WE ARE SERIOUSLY CONFUSED
by F R Chowdhury 27 October 2019
In British India certain provinces were given self-rule. It was an eye wash to delay the freedom of India. The state concerned had a parliament or assembly to keep the elected members busy discussing various matters. There was also a cabinet to give public speeches. But the real power remained with the governor exercised through the civil servants. Soon people realized that civil servants (secretaries to the government) were more important than ministers. That was British-India. Lot of time passed. In 1947 we became part of Pakistan and in 1971 we became Bangladesh. We now know what democracy is. Nothing has changed from that old theory of government of the people, by the people and for the people.
We certainly know the difference between government and civil servants. The prime minister forms the government with a cabinet of a number of ministers. Each minister gets his domain or portfolio. A particular minister is the government so far it relates to his/ her ministry. The minister takes the most important matters to the prime minister or to the cabinet. Otherwise the minister decides on various issues and civil servants execute them. The secretary to the government is the head of the bunch of civil servants that work in a particular ministry.
One thing must be clear. In Bangladesh the secretary is not the secretary of state. The secretary is not an elected person and s/he is not the government. S/he is just a civil servant. Services of all civil servants are automatically placed under the government elected by the people. Civil servants are supposed to provide honest, sincere and efficient service equally to the government, no matter which party forms the government. Under statutory provisions government create certain specialised departments or authorities. The director-general or chairman or chief executive of the said body automatically get powers of the government to carryout day to day function. It is only policy matter or new project or other such important matters are referred to the government. It is the duty of the civil servants to analyse the matter and prepare the brief for the minister with reasons and justifications. The secretary will see it before presenting to the minister with his/ her recommendations. After the approval of the minister, it will come back to secretary for execution. This is how the civil servants and political government come to collective decision for the common benefit of the country. The minister’s decision is final. If the minister gives a decision contrary to what was put up in the file then s/he must have good reasons for it so that s/he can justify same to the prime minister, parliament or any future inquiry. There is no way for the secretary to act in contravention of minister’s decision.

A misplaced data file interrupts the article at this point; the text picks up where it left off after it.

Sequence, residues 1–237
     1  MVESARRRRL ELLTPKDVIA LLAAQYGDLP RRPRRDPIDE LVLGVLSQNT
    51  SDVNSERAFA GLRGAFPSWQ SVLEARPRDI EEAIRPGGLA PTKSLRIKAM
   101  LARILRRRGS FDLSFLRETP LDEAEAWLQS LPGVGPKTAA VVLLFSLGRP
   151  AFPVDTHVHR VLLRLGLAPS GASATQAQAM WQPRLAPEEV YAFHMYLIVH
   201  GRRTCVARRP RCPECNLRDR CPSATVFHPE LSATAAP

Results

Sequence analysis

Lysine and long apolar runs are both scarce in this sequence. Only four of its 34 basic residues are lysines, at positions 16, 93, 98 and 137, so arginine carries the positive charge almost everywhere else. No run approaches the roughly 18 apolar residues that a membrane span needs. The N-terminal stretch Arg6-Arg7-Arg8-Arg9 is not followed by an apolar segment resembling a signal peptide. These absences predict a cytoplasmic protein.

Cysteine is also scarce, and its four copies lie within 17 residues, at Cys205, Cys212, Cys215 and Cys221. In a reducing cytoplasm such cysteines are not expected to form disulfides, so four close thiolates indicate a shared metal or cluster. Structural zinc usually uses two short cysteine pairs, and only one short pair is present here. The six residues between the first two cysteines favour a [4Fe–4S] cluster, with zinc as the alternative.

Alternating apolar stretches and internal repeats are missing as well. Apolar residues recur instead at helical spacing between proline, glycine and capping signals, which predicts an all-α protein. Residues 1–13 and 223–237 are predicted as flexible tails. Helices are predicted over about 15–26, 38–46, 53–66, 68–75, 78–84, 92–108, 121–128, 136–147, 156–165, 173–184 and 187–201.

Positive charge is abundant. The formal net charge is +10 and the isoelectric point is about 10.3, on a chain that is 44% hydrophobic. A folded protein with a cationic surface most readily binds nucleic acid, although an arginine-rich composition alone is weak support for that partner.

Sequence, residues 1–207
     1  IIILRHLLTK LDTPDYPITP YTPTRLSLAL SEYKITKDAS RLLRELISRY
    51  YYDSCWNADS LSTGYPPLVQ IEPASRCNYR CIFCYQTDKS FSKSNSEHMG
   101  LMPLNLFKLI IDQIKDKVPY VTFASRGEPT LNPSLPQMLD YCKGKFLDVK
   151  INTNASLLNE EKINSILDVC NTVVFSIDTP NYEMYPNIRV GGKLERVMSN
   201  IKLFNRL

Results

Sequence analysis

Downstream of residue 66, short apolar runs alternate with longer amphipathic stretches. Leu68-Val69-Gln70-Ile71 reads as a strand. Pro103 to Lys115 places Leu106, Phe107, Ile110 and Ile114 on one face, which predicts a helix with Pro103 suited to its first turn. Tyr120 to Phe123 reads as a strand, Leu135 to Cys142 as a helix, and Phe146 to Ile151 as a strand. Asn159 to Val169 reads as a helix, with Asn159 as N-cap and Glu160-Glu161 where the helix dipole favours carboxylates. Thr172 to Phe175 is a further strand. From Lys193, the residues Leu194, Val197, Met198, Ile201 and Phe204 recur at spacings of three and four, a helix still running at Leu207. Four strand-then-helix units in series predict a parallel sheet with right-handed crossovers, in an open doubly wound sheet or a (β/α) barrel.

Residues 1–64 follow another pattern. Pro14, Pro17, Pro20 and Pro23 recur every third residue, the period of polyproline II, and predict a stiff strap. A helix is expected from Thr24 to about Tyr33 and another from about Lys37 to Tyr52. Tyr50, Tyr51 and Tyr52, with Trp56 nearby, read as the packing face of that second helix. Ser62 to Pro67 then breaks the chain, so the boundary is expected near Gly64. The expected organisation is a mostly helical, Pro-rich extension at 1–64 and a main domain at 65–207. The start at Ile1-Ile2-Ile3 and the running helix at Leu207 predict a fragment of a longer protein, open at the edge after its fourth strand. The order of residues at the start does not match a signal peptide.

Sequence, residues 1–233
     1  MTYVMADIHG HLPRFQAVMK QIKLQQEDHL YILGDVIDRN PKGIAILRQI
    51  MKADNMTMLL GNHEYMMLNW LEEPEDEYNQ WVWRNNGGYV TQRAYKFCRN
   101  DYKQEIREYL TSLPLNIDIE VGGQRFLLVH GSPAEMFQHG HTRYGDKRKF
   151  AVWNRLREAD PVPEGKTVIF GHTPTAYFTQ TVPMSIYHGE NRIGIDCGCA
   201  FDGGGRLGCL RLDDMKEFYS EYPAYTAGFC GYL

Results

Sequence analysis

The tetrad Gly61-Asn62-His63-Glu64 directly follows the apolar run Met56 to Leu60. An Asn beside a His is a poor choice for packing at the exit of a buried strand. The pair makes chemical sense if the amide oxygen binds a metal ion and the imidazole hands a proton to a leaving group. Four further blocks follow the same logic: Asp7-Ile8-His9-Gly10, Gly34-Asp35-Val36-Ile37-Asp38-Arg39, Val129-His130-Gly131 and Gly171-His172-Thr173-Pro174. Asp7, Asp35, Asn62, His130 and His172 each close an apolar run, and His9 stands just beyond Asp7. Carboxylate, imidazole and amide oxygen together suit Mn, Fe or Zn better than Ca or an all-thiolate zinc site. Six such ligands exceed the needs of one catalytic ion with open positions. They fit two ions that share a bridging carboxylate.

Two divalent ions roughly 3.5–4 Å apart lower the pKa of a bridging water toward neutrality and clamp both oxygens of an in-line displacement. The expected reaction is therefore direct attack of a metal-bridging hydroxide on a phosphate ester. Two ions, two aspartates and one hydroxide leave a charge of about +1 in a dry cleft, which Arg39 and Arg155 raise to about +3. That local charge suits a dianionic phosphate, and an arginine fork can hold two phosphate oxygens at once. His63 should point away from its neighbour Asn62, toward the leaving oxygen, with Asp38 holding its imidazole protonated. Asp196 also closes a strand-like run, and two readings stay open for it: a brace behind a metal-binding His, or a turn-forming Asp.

Bengali daily paper “Jugantor” of 24-October-2019 reports that former energy secretary Nazim Chowdhury is being investigated for corruption. This is good news. ACC is finally showing its muscle power. We appreciate and support all such actions to get rid of corruption. However, we do not think it was appropriate for ACC to give all the details at this stage. They should arrest him and produce all the evidence and witness to the court. Let the court find him guilty and then people get to know what he did wrong. ACC even tried to dramatize the report by saying that he (Mr Chowdhury) would not sign a file unless he received the call from his wife. This was too much before even the first court hearing.
ACC has created lot of problems for itself by writing too much about it. I am sure the readers will agree with me that a civil servant cannot decide on important matters like international tender for exploration of oil and gas. It must have been approved by the minister – may be even by the prime minister or a cabinet team. What about those who made the all-important decisions? They are not answerable. Certainly it cannot be so. I do not know if the ACC wanted to say that Mr. Chowdhury decided on his own to do all that keeping the government in dark. That is not possible.
We expect an honest minister to come forward and say “it all happened under my approval. I should be questioned first before questioning those who acted under my command and guidance”. I hope the ACC will kindly read the first three paragraphs of this article and explain the concept of democratic governance and the relationship between government and civil servants. We are seriously confused.
Finally I have another question. Why our High Court in Bangladesh send all show cause notices to the secretary instead of minister? To the context of Bangladesh minister is the government and not the secretary. In the United Kingdom such notices are served to the secretary of state. We are now an independent democratic country. Our legal system and procedures should reflect it accordingly.
London, 24-October-2019. <email@example.com>